Putting a decent roof over local people’s heads

Plans to convert a disused hospital building into emergency temporary housing for local homeless families were given the go-ahead on Monday night at Barking and Dagenham Council’s planning committee.

The proposal to refurbish the former Grays Court hospital in Dagenham includes 62 temporary accommodation rooms, a new community space and a GP out of hours service.

Cllr Cameron Geddes, cabinet member for regeneration and social housing, said: “The refurbished Grays Court will provide comfortable living spaces to local homeless families who may otherwise have been sofa surfing or living in expensive bed and breakfast accommodation.

“And there will be the continuation of the out of hours GP service for local people and a new community space too.

“Grays Court will give us the opportunity to accommodate homeless households in a supported environment instead of expensive, and often unsuitable bed and breakfast accommodation or have to be moved out of the borough.”

The new 62 room centre will be managed by the council’s hostels service.

The community space will provide space for:

  • a community food club and cooking school
  • family learning opportunities
  • education and training facilities
  • careers fairs and job clubs

The development will be led by Be First, Barking and Dagenham Council’s regeneration company.

Matthew Westwood, Senior Development Manager at Be First, said: “The new Grays Court will be a real community asset which will benefit local people looking for a permanent home and those who want to grab new opportunities and learn new skills.”


Gifts made in the east star in Christmas special

Jewellery, ceramics, stationery, art, clothing, gifts, and games made by local residents will be on sale for Christmas in a pop-up shop in Barking station as part of a grassroots regeneration project this festive season.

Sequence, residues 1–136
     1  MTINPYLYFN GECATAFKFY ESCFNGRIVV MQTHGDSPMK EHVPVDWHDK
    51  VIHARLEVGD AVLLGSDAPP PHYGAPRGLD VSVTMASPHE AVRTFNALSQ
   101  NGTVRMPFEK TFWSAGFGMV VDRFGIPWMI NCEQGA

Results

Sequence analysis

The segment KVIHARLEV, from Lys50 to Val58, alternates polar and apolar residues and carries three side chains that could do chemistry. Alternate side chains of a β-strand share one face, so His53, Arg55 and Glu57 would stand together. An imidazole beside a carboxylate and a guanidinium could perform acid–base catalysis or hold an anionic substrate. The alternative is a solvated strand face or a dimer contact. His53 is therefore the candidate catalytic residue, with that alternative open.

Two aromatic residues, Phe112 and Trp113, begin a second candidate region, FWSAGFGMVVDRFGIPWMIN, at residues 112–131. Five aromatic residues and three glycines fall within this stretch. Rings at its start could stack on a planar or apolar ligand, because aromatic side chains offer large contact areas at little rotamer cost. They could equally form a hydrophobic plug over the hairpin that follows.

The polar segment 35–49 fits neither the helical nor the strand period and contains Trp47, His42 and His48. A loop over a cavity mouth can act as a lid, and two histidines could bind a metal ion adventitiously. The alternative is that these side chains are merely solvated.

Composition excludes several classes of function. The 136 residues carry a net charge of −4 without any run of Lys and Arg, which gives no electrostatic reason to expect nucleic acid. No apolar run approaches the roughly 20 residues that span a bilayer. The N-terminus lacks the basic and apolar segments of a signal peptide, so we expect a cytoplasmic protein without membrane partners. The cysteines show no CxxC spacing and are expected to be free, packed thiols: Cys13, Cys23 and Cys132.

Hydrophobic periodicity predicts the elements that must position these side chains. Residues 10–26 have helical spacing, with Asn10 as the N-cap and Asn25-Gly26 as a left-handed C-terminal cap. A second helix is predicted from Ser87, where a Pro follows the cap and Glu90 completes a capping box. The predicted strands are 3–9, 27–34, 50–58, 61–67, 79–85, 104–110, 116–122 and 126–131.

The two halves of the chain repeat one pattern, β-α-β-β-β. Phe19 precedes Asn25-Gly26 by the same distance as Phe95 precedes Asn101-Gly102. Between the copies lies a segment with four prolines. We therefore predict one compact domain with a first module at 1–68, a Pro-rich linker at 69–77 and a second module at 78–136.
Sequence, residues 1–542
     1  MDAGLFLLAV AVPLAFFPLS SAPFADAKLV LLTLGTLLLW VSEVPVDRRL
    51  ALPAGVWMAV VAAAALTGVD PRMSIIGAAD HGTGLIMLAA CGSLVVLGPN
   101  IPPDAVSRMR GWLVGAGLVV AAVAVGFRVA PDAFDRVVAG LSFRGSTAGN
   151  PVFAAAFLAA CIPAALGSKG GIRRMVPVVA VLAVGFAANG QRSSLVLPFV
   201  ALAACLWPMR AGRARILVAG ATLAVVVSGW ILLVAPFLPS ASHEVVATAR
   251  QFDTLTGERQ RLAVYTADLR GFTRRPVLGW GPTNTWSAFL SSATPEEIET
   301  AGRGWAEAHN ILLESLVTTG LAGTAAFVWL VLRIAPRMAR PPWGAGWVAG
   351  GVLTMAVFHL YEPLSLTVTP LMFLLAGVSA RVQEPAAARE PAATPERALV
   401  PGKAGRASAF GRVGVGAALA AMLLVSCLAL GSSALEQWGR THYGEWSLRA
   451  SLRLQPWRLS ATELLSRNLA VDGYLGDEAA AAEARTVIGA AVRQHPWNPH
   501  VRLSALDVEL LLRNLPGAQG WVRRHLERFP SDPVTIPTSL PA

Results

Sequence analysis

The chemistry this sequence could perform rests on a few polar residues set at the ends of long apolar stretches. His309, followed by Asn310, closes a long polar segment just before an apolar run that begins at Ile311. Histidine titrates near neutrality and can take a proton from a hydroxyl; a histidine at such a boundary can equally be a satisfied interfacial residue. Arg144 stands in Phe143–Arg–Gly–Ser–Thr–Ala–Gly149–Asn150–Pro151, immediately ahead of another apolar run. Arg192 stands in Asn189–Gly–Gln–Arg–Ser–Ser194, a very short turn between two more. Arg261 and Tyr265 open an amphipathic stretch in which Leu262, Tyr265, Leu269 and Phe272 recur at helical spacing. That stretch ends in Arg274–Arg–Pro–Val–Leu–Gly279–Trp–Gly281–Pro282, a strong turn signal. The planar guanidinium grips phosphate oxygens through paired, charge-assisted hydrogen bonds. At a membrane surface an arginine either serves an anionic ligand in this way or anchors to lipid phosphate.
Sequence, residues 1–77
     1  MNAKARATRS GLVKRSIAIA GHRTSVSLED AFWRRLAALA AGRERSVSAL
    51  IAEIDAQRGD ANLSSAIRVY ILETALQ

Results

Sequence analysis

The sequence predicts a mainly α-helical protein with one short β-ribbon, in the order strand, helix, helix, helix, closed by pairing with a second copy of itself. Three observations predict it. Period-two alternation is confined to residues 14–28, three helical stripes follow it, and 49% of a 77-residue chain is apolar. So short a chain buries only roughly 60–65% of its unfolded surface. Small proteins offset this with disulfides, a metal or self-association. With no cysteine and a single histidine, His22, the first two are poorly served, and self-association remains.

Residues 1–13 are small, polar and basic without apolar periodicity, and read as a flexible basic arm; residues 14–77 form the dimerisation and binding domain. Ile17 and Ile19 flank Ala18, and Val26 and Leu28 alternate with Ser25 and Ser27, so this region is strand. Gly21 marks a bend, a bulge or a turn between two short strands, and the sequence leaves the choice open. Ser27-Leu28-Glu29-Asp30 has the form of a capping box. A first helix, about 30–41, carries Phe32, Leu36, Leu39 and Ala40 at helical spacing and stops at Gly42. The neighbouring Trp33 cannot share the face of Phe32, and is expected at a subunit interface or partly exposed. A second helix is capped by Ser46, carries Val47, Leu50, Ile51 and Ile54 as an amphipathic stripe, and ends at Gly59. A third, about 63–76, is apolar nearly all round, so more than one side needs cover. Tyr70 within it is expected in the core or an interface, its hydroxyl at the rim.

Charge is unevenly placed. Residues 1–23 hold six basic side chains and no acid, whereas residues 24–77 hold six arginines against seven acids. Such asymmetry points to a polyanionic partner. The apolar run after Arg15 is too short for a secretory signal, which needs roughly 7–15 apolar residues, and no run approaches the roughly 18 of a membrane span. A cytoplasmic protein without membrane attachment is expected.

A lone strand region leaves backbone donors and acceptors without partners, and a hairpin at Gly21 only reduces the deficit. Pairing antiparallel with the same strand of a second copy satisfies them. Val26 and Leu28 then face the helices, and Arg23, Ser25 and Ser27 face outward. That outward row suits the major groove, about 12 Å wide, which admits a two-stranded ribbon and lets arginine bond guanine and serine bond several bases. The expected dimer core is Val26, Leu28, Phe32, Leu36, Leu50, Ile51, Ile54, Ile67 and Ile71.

The pop-up shop is a joint venture between Be First, Barking and Dagenham Council’s pioneering regeneration company, and the Barking Enterprise Centre (BEC), who helped fund the project as part of their commitment to support emerging arts and culture businesses.

The latest instalment at the shop is called Rock Paper Scissors which is run by local residents as part of a collaborative business programme from Every One Every Day in Barking and Dagenham.

The business programme has worked with nearly 50 makers over the last year to design, prototype and make new products through The Warehouse, the largest public makerspace in the UK based in Thames Road, Barking and is the third pop-up shop since last November.

Katherine Michonski, Programmes Director at Every One Every Day, said: “The aim is to support the borough’s residents — regardless of their skills and experience — to learn new making skills, make new products, and see if their products sell by test trading through the Rock Paper Scissors brand.

Lili Hristova, who along with her friend Irina Goncherenko, makes children’s books and games, said: “With the help of Everyone Every Day we have lovingly created a range of laser cut and hand finished range of games and activities for children to enjoy.

“Our aim is not only bringing a story to life but also encouraging kids to develop the story and play with it in many different ways.”

Karen West Whylie, CEO of Barking Enterprise Centre, which operates the pop up space, said: “‘The Gallery has made a real impact in Barking Town Centre since July. It seemed most appropriate to offer the space to Participatory City to highlight the work of residents in developing their creative practice.”

David Harley, Head of Regeneration at Be First, said: “The pop-up shop was created as part of our drive to bring art to the heart of Barking, which has proved very popular. The Rock Paper Scissors display is a great addition and a brilliant example of grass roots regeneration.”

Everyone Every Day is a large-scale demonstration project working to build participatory culture in the borough of Barking and Dagenham. Over the next five years, Everyone Every Day aims to support over 25,000 people to grow a new network of 250 projects and 100 businesses. They are combining the benefits of peer-to-peer co-production projects, with businesses and services — working together to improve the overall well-being of the neighbourhood, leaving no one behind. Taken together, these small practical projects form the types of hands-on, practical, and sustainable local communities people want to live in and want to help create.